In South Korea, a 105-year-old woman receives a letter. Ten days later, she has been thrust into the afterlife, fighting to head off a curse that will otherwise devastate generations to come. Hak Jeonga has always shouldered the burden of upholding the family name. When she sent her daughter-in-law to America to cover up an illegitimate birth, she was simply doing what was needed to preserve the reputations of her loved ones. How could she have known that decades later, this decision would return to haunt her–threatening to tear apart her bond with her beloved son, her relationship with her infuriatingly insolent sisters, and the future of the family she has worked so hard to protect? Part ghost story and part family epic, The Apology is an incisive tale of sisterhood and diaspora, reaching back to the days of Japanese colonialism and the Korean War, and told through the singular voice of a defiant, funny, and unforgettable centenarian.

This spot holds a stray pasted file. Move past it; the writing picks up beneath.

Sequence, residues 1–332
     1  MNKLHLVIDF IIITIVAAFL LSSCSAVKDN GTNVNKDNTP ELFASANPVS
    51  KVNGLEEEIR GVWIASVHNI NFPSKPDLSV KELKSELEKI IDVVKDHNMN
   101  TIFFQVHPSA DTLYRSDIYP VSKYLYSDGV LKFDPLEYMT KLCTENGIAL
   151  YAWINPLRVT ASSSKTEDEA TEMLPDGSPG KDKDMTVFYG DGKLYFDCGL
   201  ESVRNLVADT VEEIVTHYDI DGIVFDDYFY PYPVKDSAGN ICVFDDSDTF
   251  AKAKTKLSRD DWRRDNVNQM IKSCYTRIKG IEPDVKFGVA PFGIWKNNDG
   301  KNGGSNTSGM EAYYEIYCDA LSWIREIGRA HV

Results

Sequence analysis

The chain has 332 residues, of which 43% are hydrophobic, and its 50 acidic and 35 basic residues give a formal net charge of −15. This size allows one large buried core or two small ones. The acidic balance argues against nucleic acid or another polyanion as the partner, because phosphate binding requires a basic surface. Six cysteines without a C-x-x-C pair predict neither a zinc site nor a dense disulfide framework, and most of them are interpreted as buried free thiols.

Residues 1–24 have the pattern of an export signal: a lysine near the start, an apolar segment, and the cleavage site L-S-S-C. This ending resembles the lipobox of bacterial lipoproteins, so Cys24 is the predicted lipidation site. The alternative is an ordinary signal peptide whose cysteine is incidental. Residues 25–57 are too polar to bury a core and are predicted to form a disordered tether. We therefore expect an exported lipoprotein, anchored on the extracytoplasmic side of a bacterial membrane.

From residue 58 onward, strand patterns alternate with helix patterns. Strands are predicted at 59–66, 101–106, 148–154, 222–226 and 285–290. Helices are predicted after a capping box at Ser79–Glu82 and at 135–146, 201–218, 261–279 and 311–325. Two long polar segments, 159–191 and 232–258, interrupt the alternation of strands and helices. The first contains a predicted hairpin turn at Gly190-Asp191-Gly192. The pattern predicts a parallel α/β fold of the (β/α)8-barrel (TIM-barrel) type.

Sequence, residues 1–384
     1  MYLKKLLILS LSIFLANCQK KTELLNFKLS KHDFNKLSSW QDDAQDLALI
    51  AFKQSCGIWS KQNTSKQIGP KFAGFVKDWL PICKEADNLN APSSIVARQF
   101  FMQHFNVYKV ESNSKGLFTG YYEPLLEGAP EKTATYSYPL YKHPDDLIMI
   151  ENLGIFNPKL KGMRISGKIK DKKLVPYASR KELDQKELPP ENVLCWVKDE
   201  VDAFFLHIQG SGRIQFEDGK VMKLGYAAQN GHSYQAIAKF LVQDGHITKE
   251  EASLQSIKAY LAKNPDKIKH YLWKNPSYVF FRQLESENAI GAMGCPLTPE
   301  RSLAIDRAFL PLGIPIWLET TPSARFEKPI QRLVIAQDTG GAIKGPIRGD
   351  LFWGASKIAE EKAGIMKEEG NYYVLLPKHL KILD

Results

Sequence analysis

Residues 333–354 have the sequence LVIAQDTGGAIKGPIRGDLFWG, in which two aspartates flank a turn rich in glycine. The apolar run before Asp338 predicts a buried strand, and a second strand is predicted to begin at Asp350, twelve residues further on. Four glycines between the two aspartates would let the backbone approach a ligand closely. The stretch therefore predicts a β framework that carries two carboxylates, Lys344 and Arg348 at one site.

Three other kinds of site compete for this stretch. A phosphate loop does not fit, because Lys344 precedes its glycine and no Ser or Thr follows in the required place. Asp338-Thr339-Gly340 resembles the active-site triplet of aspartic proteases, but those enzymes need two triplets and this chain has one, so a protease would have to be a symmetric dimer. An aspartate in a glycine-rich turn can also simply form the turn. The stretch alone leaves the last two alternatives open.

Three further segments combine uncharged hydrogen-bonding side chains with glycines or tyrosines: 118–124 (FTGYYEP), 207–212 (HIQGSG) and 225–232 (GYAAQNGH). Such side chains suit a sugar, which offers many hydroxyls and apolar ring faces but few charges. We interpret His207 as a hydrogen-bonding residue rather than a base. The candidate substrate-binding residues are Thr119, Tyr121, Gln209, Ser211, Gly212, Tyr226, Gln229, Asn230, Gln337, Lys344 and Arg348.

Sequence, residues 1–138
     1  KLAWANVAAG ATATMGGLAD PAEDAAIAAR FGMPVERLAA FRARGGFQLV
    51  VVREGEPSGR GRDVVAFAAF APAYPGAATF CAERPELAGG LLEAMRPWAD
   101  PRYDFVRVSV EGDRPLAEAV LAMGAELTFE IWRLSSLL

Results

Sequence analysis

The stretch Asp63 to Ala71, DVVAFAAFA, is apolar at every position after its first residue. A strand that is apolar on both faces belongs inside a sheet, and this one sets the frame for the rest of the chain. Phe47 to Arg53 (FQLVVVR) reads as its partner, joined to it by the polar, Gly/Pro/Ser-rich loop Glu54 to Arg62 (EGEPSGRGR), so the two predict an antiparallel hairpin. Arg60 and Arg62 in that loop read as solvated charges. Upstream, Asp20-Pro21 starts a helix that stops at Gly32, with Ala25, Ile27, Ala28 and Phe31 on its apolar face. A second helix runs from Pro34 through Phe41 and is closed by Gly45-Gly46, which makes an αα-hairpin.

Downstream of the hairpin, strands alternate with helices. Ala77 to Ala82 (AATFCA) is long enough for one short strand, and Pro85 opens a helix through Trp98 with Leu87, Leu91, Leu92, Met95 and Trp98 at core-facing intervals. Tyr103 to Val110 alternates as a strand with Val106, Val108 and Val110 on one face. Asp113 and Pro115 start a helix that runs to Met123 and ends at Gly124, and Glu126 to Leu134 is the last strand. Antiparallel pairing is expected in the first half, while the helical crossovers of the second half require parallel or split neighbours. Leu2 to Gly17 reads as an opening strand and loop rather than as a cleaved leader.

R. F. Kuang
What’s the harm in a pseudonym? Bestselling sensation Juniper Song is not who she says she is, she didn’t write the book she claims she wrote, and she is most certainly not Asian American–in this chilling and hilariously cutting novel.
The Leftover Woman
An evocative family drama and a riveting mystery about the ferocious pull of motherhood for two very different women in New York City.